That would be analogous to putting whatever we feel like into our gas tanks - unleaded, premium, water, milk, juice, dish soap - and expecting our cars to work optimally, regardless. Or, failing to account for how the car actually works - its engine, transmission, tire type, intended use of the vehicle.
Nutrition cannot be singled out and regarded as an entity entirely separate from how our bodies currently function, or how we wish for them to function in the future. Each of us is like a unique motor vehicle with slightly different intended use (both in movement and specialty, as in career). How we move or "use our motor vehicle" is actually alterable.
In order to properly evolve in our performance, though, we need more specific insight. Genetics tests and other objective data have their places, but before we dive all the way down that rabbit hole, let us start with an overview.
At the foundation of this Performance Pyramid is movement. The human body was designed for movement, and move we shall. Other parts of this pyramid are not 100% fixed in their positions; we will describe both their use and their flexibility in coming posts.
*The goal of this pyramid is to direct your thinking towards a ground-up approach where your habits and actions follow your thoughts. Sort of like a checklist - how is my movement (exercise, the foundation)? Next, how is my hydration status and protein intake? So on and so forth up towards the top of the pyramid.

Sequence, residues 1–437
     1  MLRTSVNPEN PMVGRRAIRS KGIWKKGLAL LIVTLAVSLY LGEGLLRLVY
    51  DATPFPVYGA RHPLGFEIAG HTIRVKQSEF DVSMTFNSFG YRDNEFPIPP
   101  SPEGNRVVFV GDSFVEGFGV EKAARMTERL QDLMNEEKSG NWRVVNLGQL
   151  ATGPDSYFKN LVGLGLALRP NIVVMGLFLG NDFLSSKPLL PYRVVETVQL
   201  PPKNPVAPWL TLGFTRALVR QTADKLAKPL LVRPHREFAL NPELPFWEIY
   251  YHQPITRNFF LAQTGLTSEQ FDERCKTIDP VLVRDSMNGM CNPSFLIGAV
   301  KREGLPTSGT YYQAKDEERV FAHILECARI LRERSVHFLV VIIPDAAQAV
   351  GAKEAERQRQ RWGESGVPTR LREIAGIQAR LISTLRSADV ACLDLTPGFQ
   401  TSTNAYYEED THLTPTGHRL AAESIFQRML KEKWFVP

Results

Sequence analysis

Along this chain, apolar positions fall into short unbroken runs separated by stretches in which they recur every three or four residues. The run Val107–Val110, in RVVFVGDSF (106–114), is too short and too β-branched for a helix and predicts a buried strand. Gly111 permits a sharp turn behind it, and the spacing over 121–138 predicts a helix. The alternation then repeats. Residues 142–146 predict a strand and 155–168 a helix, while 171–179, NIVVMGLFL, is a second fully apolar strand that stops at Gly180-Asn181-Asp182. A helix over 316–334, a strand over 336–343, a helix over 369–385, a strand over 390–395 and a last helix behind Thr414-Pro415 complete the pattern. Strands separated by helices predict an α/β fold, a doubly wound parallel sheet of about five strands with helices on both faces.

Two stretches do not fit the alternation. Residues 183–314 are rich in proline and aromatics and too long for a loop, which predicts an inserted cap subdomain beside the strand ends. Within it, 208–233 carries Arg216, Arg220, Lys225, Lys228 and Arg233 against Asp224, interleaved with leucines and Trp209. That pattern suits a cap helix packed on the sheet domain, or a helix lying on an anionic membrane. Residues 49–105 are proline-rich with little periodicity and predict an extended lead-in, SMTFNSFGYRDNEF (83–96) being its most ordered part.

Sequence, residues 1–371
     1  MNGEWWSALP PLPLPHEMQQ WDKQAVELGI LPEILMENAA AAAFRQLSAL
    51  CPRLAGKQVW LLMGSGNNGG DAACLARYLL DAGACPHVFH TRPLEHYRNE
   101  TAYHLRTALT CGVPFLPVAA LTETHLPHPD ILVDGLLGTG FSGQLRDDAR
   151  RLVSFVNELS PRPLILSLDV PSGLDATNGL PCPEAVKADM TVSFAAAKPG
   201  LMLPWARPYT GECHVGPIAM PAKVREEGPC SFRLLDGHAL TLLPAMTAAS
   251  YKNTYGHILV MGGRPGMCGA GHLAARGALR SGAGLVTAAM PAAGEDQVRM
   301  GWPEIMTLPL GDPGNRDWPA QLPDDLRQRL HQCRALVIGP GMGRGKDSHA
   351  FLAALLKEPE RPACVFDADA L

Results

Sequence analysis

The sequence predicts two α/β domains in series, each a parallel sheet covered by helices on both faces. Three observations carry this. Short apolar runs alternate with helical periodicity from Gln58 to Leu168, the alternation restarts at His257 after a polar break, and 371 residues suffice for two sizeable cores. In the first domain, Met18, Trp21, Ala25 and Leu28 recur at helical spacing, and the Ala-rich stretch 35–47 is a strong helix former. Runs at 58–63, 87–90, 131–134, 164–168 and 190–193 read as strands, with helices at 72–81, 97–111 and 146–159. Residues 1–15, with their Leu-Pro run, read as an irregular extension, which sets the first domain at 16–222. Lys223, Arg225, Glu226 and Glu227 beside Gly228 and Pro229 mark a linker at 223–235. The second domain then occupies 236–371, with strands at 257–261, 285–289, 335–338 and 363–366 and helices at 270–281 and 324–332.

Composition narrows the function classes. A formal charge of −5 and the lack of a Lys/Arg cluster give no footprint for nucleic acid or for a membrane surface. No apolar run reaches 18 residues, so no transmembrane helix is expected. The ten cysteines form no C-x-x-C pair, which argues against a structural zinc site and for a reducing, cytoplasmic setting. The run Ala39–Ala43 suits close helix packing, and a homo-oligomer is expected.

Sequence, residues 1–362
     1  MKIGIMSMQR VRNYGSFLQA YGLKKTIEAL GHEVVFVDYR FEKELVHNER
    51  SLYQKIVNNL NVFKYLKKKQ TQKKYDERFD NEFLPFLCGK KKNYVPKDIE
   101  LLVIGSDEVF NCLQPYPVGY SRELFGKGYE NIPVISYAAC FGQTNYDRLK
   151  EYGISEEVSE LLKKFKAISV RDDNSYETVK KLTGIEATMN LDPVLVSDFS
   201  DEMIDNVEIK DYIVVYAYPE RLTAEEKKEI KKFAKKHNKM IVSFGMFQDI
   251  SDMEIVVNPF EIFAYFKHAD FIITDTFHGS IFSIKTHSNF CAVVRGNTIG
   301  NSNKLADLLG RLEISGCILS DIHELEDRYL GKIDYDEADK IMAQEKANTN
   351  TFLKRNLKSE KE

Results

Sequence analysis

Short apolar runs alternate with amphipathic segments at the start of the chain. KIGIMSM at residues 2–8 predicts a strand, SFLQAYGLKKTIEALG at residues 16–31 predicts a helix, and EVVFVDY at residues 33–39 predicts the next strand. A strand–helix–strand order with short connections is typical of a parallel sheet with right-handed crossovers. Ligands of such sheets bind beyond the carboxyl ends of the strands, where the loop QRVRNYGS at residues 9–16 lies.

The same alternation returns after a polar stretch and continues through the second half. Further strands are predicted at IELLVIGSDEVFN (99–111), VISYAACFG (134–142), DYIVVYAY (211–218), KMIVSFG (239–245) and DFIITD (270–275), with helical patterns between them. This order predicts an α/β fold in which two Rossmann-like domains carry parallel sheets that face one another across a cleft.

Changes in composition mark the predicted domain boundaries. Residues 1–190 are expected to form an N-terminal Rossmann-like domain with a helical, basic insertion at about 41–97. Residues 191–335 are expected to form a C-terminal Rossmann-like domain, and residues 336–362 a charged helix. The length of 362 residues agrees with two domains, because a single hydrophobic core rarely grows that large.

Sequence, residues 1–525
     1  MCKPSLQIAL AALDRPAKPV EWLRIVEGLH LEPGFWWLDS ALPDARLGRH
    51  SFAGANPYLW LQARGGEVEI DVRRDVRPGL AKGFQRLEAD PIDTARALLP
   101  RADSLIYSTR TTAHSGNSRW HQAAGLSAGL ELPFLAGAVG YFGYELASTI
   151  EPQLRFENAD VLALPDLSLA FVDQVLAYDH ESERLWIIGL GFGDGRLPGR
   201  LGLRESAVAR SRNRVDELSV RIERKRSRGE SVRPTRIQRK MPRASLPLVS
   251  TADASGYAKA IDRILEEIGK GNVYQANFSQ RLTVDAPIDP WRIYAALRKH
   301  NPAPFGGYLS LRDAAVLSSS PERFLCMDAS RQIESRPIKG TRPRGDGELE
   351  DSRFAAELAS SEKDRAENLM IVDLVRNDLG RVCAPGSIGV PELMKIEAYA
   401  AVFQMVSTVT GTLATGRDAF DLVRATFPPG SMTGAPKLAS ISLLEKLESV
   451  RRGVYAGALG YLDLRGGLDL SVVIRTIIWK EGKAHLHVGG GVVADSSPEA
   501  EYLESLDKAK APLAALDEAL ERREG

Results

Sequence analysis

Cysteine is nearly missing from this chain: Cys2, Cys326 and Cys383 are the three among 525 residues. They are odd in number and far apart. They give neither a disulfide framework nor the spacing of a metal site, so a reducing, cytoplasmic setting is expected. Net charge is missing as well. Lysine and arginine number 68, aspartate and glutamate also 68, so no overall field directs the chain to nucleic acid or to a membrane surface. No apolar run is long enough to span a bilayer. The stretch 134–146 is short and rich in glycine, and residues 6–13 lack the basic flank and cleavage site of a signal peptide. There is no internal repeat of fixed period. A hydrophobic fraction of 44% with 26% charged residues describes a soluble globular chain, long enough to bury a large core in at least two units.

The great part about this philosophy is that you can use it to your advantage acutely - within a part of a day or a single day - or use it on a larger, more macro scale - week, month, year. Nutrition status is mostly short term. However, because nutrition's effectiveness relies on our training status, both macro and micro strategies work here. Again, more on how the particular order of this Pyramid works in coming articles.
Meanwhile, just take time to reflect on what this Performance Pyramid may mean for you right now. Worth stating again, the intent of this new Performance Pyramid is where to direct your attention and focus. According to the Dhammapada, the best-known book in the Pali Buddhist canon, “We are what we think.” Where your focus goes, so do you; where the head goes, so follows the body. Notice there is no mention of any foods or items that are "bad for you," or how to "avoid them." We believe there is no place for such negativity in your focus or in your thoughts. But, we know people enjoy life how they so choose. Do you, BooBoo. Do you.